Filing a Complaint to the Equal Employer Opportunity Commission's (EEOC)

If you are experiencing discrimination in the workplace and you wish to file a formal complaint to the federal office of the EEOC, you must first contact an Equal Employment Opportunity Counselor (EEO Counselor) and set an appointment so that you may speak to the representative about your case. The counselor must be notified no later than 45 days of the discrimination incident at your workplace or at a workplace where you applied for employment. The United States mandates that employers provide the contact information of the local EEOC office upon request.

Once you contact your local EEO counselor, he or she will listen to your complaint and will document your statement. Your EEO counselor will provide options for your case and determine the best course for your situation.

The EEO counselor will usually provide two options for employees or applicants looking to file a formal complaint. In many cases, you will be provided with the option for EEO counseling or an alternative dispute resolution (ADR).  In both cases,  the employer or company has the opportunity to make things right with the employee or applicant who has filed a complaint with the EEOC.

The EEOC has established methods in which employers and employees/applicants can come to an agreement without having to find a resolution in front of a judge. In ADR or EEO counseling, the employee and employer will meet in informal settings with a mediator so that they can come to an agreement or find a solution to the work-related issue.  In other cases, you are protected by the Age Discrimination in Employment Act to have the right to proceed with a lawsuit and a judge hearing without having to go through an informal negotiation or mediation with your employer.

If after 30 days of counseling or ADR, your claim remains unresolved, your EEO Counselor is obligated to inform you of the “Notice of Final Interview”. During the final interview, you should understand your rights to extend the negotiation or counseling for up to 60 days or of your right to file a formal complaint.

EEOC Formal Complaint and Process

There are a few ways in which you can file a formal complaint:

  • You are entitled to file a formal complaint after your final interview with the EEO Counselor.
  • If your EEO Counselor fails to provide a final interview within 30 days of the date the complaint was received

If your claim was unresolved during counseling or through an alternative dispute resolution, you are encouraged to file a formal complaint with the EEOC office. After you have had your final interview, you are capable of filing a formal complaint no later than 15 days after receiving clearance from your EEO counselor. If you need more time to fill out your complaint you should contact your EEO counselor or the EEOC’s Office of Federal Operations. Your EEO counselor will also submit a written documentation of the steps that were taken during the ADR or counseling procedures.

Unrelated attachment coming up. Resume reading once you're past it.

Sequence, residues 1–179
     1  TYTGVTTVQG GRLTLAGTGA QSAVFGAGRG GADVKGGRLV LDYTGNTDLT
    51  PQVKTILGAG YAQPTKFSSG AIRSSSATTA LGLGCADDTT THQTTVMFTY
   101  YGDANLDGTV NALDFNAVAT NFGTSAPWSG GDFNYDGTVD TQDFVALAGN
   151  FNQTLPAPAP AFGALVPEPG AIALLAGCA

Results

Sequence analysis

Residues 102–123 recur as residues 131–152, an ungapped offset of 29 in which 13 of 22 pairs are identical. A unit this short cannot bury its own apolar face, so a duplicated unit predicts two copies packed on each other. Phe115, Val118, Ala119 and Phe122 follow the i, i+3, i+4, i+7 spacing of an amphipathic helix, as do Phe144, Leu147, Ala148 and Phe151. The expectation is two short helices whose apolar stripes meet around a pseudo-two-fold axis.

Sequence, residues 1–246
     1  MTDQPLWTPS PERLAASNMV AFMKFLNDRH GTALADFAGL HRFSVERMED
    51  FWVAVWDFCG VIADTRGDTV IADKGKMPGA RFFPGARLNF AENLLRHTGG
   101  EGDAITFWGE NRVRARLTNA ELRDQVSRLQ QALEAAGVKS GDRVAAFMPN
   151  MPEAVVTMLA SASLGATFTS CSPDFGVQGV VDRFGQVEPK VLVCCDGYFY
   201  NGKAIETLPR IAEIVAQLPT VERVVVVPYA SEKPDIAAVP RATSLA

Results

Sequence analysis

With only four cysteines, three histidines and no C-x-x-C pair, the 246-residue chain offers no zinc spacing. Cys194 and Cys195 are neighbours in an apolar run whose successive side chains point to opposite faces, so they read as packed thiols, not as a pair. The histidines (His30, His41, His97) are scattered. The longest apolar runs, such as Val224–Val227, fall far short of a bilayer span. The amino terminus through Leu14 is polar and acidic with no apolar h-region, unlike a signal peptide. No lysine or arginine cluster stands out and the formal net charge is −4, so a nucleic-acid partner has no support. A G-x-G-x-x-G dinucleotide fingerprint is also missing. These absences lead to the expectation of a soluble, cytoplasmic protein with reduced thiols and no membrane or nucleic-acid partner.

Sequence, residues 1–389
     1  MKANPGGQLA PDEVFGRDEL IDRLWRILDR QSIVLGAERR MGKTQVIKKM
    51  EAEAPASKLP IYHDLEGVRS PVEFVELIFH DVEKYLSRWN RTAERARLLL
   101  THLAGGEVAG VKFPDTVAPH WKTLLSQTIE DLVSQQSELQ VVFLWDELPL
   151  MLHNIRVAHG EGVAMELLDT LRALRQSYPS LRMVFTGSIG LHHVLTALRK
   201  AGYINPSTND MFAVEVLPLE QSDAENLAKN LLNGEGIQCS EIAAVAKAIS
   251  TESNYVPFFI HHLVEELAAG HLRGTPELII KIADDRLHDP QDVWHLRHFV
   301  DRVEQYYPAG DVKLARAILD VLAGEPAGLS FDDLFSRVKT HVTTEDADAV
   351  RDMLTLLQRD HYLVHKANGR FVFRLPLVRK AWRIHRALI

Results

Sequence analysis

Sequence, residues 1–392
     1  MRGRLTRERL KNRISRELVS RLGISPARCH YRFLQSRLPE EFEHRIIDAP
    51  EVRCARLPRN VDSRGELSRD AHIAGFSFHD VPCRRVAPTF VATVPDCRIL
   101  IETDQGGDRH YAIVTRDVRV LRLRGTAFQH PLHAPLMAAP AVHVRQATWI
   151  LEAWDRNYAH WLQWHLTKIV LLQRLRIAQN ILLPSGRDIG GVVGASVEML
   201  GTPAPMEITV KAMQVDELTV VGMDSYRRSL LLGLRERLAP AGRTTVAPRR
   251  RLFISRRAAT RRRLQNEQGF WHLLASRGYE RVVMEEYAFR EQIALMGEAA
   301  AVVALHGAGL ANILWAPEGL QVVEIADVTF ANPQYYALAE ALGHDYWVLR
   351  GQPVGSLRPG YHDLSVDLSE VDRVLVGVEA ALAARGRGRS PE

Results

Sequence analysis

What to include in your formal EEOC Complaint

When filing an EEOC Complaint you should include the following information:

  • Your full legal name, your contact information including your phone number and address
  • A depiction of your account, let the EEOC office know the details of your claims including the events that you believe to have been discriminatory. Acts of discrimination can include being fired from a job, being demoted, or harassed at the workplace.
  • In your description you should include why you believe you were discriminated against. Discrimination can be based on color, national origin, age, genetics, disability, sexual orientation, race, sex.
  • You should include any injuries that may have occurred as an outcome of the workplace discrimination.
  • Provide your signature or the signature of your lawyer

When you file your formal complaint you will be notified by the agency if the claim is accepted or denied. If the claim is denied it is usually if the complaint was filed before the final interview or if the complaint was filed too late. If your complaint is denied you will receive information on how to appeal the dismissal of your complaint. If your complaint is accepted, the EEOC will investigate your case.

The EEOC Investigation

The EEOC will provide an investigator who will gather information about your case. The investigator will not be able to determine whether or not you were discriminated against until the findings are presented to a judge. The EEOC investigator is only responsible for collecting the details of your claim.

The EEOC will usually complete its investigation within 180 days of the initiation of the investigation. After the investigation, you can either request documentation of their findings or request to have your claim heard by an EEOC Administrative Judge. If you fail to find a settlement with your employer, you are capable of filing a lawsuit for reparations.

In a court hearing, you may represent the case yourself, by another person, or you may have a lawyer present. In any case, you will not be provided with EEOC representation which is why having a lawyer at your side may be in your best interest.

During a hearing of your complaint, it is crucial that your case is represented by a lawyer who is working on your side. If you need legal representation or legal guidance on your EEOC claim, please contact the California Sexual Harassment Attorneys. Our attorneys can assist you with a lawsuit or can help you find the best settlement during EEOC counseling or through an alternative dispute resolution (ADR).

People who are facing employment discrimination because of their ethnicity or place of origin must understand the laws that protect their workers' rights. The California Sexual Harassment Attorneys can be reached at 800-905-1856. If you are facing employment discrimination please feel free to contact our offices immediately so that we can provide legal guidance to your case. Our attorneys are ready to handle your case and provide guidance through your EEOC claim.